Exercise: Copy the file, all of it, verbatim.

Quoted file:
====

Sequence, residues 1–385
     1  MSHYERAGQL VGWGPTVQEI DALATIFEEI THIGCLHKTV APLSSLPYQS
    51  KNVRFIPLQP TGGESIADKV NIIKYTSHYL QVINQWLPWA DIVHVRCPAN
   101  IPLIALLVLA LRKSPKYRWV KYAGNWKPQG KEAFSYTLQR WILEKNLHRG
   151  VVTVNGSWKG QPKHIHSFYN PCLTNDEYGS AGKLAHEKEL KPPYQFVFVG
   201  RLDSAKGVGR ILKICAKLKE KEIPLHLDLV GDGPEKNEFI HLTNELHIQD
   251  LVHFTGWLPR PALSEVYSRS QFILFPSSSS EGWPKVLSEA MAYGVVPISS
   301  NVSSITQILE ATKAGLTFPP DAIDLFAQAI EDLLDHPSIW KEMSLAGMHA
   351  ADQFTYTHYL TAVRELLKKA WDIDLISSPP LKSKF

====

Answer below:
Sequence, residues 1–385
     1  MSHYERAGQL VGWGPTVQEI DALATIFEEI THIGCLHKTV APLSSLPYQS
    51  KNVRFIPLQP TGGESIADKV NIIKYTSHYL QVINQWLPWA DIVHVRCPAN
   101  IPLIALLVLA LRKSPKYRWV KYAGNWKPQG KEAFSYTLQR WILEKNLHRG
   151  VVTVNGSWKG QPKHIHSFYN PCLTNDEYGS AGKLAHEKEL KPPYQFVFVG
   201  RLDSAKGVGR ILKICAKLKE KEIPLHLDLV GDGPEKNEFI HLTNELHIQD
   251  LVHFTGWLPR PALSEVYSRS QFILFPSSSS EGWPKVLSEA MAYGVVPISS
   301  NVSSITQILE ATKAGLTFPP DAIDLFAQAI EDLLDHPSIW KEMSLAGMHA
   351  ADQFTYTHYL TAVRELLKKA WDIDLISSPP LKSKF